Harold McGee writes about the science of food and cooking. He is the author of the award-winning classic On Food and Cooking: The Science and Lore of the Kitchen and Keys to Good Cooking: A Guide to Making the Best of Foods and Recipes, and a former columnist for The New York Times. He has been named food writer of the year by Bon Appetit magazine and to the Time 100, an annual list of the world's most influential people. Since 2010, he has been a visiting lecturer for Harvard University's course Science & Cooking: From Haute Cuisine to Soft Matter Science. McGee lives in San Francisco.
"A tour-de-force . . . a superbly written odyssey around an underrated sense." --Financial Times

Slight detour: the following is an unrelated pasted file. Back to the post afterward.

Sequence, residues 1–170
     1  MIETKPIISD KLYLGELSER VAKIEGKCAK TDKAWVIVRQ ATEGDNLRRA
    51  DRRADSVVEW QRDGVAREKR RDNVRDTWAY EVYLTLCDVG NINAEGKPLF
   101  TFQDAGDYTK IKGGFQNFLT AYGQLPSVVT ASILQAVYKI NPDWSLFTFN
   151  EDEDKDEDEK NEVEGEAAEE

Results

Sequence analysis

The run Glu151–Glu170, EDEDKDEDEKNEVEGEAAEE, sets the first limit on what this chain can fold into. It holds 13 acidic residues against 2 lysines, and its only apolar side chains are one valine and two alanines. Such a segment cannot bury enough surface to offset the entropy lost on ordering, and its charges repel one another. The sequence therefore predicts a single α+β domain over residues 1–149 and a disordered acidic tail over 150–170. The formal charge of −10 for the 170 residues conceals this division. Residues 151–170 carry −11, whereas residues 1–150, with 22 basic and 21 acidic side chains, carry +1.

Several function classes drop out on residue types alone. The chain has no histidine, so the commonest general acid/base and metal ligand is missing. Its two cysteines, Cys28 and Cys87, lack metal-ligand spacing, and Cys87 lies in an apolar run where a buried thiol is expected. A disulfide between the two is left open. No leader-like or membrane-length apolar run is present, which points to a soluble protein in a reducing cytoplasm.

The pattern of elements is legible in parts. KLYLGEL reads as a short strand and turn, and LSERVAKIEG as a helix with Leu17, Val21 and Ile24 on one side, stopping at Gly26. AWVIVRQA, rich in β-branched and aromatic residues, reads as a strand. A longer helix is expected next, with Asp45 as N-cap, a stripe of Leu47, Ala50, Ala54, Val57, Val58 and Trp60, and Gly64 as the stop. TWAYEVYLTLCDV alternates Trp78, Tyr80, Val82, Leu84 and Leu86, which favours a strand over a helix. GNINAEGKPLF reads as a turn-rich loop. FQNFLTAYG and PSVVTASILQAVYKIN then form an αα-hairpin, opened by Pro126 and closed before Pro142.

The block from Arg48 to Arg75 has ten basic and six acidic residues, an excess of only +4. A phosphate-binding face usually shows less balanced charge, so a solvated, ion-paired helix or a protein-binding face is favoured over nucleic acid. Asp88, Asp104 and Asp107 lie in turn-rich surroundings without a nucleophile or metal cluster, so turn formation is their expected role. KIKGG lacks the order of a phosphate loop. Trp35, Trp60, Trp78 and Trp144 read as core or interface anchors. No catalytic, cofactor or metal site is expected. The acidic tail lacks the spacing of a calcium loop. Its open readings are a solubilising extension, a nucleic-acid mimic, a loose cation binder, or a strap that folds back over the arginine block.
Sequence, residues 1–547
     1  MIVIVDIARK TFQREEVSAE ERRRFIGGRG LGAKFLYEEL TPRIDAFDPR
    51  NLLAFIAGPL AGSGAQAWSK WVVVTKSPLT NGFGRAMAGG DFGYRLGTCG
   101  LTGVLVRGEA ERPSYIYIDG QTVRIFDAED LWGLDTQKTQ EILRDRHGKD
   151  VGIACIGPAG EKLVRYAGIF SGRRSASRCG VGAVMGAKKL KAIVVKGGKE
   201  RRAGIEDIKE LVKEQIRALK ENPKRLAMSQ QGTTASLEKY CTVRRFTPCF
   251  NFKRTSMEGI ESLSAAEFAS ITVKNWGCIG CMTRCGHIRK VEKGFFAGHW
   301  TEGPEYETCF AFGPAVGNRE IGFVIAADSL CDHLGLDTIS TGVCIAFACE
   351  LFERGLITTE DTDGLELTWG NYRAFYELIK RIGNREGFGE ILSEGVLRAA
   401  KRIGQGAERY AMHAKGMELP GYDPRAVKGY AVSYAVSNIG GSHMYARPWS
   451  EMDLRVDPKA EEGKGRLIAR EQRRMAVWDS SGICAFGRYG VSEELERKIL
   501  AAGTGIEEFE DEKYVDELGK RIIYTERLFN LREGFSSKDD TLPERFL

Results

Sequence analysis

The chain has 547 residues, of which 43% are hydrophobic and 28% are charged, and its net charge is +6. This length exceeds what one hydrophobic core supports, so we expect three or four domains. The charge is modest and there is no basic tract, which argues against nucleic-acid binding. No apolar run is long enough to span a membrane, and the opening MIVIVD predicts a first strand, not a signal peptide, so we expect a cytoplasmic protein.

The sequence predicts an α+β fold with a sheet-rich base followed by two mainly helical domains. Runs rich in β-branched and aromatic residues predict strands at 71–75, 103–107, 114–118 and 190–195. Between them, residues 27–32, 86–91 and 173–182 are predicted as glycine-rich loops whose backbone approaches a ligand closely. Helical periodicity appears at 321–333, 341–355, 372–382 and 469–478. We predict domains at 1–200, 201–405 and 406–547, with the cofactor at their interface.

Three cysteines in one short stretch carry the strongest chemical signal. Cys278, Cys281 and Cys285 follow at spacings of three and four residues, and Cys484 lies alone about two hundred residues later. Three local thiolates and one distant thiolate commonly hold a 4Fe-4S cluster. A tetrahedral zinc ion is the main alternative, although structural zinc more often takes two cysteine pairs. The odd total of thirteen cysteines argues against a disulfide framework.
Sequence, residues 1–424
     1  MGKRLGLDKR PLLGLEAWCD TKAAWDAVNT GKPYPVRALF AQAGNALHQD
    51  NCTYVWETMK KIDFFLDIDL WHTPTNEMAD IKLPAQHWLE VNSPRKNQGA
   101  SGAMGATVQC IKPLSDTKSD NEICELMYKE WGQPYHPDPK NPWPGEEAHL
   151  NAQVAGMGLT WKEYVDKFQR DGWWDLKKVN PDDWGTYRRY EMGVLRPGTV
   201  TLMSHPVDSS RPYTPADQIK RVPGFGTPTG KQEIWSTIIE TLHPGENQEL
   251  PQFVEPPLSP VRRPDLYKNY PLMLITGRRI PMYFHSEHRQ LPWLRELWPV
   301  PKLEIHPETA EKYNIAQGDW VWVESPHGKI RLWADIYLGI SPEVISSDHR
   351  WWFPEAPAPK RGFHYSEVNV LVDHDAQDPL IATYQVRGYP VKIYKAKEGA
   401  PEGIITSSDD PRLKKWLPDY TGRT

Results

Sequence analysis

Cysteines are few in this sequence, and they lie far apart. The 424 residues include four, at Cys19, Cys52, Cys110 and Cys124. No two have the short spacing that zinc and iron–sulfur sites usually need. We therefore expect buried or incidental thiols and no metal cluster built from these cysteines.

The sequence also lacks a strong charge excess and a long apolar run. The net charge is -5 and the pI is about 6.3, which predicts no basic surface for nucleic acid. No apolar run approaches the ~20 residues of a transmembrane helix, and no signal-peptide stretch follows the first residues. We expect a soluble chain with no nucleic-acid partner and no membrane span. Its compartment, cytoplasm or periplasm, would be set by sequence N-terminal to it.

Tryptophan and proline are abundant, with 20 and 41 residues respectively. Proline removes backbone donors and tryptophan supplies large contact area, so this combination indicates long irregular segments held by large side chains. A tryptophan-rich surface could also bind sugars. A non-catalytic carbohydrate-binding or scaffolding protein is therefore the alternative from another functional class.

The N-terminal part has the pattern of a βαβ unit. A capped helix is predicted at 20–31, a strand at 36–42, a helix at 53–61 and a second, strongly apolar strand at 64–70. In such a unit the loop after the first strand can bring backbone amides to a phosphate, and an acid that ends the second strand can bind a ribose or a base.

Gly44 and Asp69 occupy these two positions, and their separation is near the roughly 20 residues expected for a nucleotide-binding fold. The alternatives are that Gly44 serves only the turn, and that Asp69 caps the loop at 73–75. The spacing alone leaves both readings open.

"The reference book that will make everything you eat seem more interesting. There is fascination and delight on every page." --The Sunday Times (UK) "Fabulous . . . brought me a great deal of pleasure." --The Telegraph (UK) "Every page of 'Nose Dive: A Field Guide to the World's Smells' is crammed with the olfactory equivalent of onomatopoeia...Fans of Mr. McGee's culinary writing won't be disappointed--there are several hundred pages devoted to scrumptious foods, both raw and cooked. He articulates the secrets of truffles and peaty whisky. He seems especially obsessed with the echoes and slant rhymes of food--why pineapples can smell like Parmesan, oysters like cucumbers, sherry like soy sauce, even "the prized 'kerosene' note of well-aged Rieslings."... Like an analytical chemist, he catalogs the exact molecules that each food or substance emits, and how they combine like musical notes to produce a scent chord. He offers some general rules for correlating molecular structure with aromatic sensation--that sulfur is generally pungent, and large molecules are more pleasant than small ones. It's fascinating stuff... [McGee's] enthusiasm is contagious."--Sam Kean, Wall Street Journal "A deeply researched guide to the world's smells, down to their volatile molecules." -Tejal Rao, The New York Times "An exhaustive compendium on odors and their chemical makeup... Perfect for foodies, those interested in science, and the innately curious. Engagingly written, this would be a wonderful ready reference to have on hand" --Library Journal "The ultimate obsessive's guide to all things olfactory. If you've ever been curious as to why cat urine is so potent, why feet stink, or, more pleasantly, why flowers smell so lovely, then this is the tome for you... McGee dives deep into the science and taxonomy of smells, and he augments the text with plentiful charts that provide visual demonstration of his discussions... McGee has a genial way with words that makes the hard science accessible to motivated general readers...This is a unique project executed meticulously from beginning to end...Equips readers with all the science necessary for a life of heightened smell perception." --Kirkus "In his detailed survey of scents, food writer and cooking scientist McGee elegantly explains olfaction... His exploration of our smelly world includes the odors of flora and fauna, soil and smoke, food and fragrances, but also the unexpected: primordial earth, rain, and the whiff of old books. Pungent and even rancid smells--skunk spray, ammonia, manure--are as respected as such delectable aromas as lemon, coffee, and rosemary. Odiferous facts abound... A delightful outing across the olfactory world." --Booklist